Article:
Cowieswells is a derelict farm south of Stonehaven in NE Scotland. We were lucky enough to acquire the place in August 2010 when we were moving back to the UK from Norway and looking for something to match or even better our previous, fjord-side home. The farm house and steading (barns) command an impressive and exposed cliff top location with fantastic views across the North Sea. The buildings were constructed from sandstone in a traditional style and our goal in rebuilding it is to be sympathetic to the original design whilst creating a much larger house which is modern, efficient and maximizes the unique views.

Since we bought the place we have spent over a year working with architects, planners and generally doing stuff that doesn't make for interesting reading. This blog picks up the renovation process in late 2011 when work outside got started. Over the coming months it will be updated every week or so with pictures, movies and the odd bit of text. Like Grand Designs but without the suave sarcasm of Kevin McCloud.

Sunday, 29 January 2012

The Steading

When we bought the place it was originally up in two lots, the house with two acres of land and, the steading and bothy, also with two acres. Ordinarily the steading would have been bought by a developer and turned into 3 or maybe 4 houses. We were greedy and we wanted the whole lot, partially because we wanted space for animals etc and partially because we didn't want neighbours living on top of us. Living in town with neighbours is fine, but it seems just a bit weird to be out in the middle of nowhere with several other families living on top of you. So we bid on and where lucky enough to get the whole lot.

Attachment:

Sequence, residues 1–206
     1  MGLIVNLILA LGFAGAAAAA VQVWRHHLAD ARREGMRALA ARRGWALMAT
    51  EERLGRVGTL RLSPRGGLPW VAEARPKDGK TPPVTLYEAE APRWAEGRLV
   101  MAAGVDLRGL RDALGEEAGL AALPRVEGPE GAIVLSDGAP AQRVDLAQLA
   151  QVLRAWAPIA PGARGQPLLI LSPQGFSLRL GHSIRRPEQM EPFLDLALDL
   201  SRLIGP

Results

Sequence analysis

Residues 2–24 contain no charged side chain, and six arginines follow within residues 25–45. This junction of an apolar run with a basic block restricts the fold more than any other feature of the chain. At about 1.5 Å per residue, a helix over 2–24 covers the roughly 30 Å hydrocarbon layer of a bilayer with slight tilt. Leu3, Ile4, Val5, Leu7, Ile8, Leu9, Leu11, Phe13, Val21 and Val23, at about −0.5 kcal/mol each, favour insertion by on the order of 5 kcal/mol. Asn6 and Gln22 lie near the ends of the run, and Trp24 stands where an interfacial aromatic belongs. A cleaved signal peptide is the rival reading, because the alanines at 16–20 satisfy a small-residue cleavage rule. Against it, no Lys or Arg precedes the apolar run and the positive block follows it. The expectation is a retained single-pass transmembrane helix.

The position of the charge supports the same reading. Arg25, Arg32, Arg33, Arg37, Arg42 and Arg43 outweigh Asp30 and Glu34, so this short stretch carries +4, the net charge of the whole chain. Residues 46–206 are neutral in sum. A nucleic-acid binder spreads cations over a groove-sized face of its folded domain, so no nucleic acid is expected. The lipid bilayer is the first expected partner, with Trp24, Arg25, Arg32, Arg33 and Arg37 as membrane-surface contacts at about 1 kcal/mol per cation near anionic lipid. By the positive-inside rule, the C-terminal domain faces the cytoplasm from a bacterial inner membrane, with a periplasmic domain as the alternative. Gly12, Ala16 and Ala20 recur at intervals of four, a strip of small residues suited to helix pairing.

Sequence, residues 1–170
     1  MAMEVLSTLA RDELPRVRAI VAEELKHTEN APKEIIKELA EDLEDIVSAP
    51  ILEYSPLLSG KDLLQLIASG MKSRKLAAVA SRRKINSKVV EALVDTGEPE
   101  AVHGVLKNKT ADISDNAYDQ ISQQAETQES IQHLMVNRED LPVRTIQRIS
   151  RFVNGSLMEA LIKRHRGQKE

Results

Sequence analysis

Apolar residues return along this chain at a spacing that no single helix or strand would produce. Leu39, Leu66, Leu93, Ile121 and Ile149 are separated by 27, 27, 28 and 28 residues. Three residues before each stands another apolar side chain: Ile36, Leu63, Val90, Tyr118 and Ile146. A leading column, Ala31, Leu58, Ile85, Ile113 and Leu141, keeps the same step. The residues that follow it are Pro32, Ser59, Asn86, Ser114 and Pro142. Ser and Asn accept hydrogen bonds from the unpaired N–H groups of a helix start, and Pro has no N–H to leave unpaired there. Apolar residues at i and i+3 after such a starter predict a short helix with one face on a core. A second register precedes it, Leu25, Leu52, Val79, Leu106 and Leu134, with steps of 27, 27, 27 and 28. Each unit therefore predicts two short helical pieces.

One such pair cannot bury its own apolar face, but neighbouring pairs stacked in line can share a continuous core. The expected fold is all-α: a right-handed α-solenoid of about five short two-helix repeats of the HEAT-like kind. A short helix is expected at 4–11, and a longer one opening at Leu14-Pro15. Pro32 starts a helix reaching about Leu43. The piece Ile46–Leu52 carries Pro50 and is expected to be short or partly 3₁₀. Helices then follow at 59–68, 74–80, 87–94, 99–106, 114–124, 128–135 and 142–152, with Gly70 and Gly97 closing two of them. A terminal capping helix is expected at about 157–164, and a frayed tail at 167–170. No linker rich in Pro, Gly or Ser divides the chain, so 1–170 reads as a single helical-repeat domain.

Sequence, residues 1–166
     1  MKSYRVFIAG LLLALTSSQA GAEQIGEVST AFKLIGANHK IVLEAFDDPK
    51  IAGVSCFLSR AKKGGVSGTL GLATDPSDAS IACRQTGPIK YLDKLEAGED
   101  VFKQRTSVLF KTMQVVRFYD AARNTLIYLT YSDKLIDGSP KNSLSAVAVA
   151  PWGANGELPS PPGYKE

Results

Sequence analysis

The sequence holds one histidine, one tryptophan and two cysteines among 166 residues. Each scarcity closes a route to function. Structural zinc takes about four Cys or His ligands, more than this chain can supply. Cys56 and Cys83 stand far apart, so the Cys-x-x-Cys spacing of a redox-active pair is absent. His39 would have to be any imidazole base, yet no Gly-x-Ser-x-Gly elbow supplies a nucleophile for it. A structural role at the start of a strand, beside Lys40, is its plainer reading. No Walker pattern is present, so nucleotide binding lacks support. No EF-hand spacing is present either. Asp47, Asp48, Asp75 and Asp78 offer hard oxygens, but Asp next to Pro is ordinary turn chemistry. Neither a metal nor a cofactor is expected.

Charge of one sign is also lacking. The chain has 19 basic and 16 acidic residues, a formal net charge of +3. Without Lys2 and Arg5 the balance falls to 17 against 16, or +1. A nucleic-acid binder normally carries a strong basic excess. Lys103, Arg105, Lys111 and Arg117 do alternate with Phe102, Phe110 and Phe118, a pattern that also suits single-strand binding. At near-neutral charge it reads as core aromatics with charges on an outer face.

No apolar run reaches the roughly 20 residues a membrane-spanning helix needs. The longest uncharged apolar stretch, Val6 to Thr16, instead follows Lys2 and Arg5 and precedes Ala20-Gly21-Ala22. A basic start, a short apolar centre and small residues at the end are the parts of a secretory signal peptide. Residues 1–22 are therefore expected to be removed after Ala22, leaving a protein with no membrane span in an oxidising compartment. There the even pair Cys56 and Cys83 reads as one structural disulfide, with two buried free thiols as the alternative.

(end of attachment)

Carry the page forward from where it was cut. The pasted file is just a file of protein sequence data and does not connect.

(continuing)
Our first job was to secure the steading which was in a pretty sorry state. The plan was to clean the junk out, remove the cattle court and recent structures, replace the roof including new trusses, repoint all the stonework and fit new windows and doors. The new roof  is corrugated iron, primarily because it was a lot cheaper than slate however the trusses are designed to support slates in the future and the slates that could be salvaged were.

The work was carried out over a  four month period from September to December 2011. I was lucky enough to be off work in that period and spent a fair bit of time down there. It was a bigger job than we had anticipated and once it was finished we are amazed at how much space there is. The guys did an excellent job and the place looks so much better already. Since its been finished I have already started filling it with shelving for storage. Workshop next.

There is a timelapse video here of the roof going on. Photos below show some before and after.


Roof hanging off the west wing 
South wing, note the asbestos roof and the state of the walls

Pig pen, complete with tree and the cattle court from the east 

Cattle court 

North wing of steading, nice brick arches but no roof.

After the clean out 
West wing 

Some serious work required on the wall heads 

Cattle court gone 

Those brick arches look somewhat precarious

Look out the bosses are on site 

Doorway in west wind looking more secure 

Rebuilt wall head at the end of the north wing

Rebuilding the gable on the north wing 

Starting to look like a proper set of buildings with the trusses on 

Inside the north wing

Looking good
Finished result

New roof in corrugated iron. Looks water tight to me

Looks a lot better now
The south wing with new gable and doors

Those brick arches look a lot better now

No comments:

Post a Comment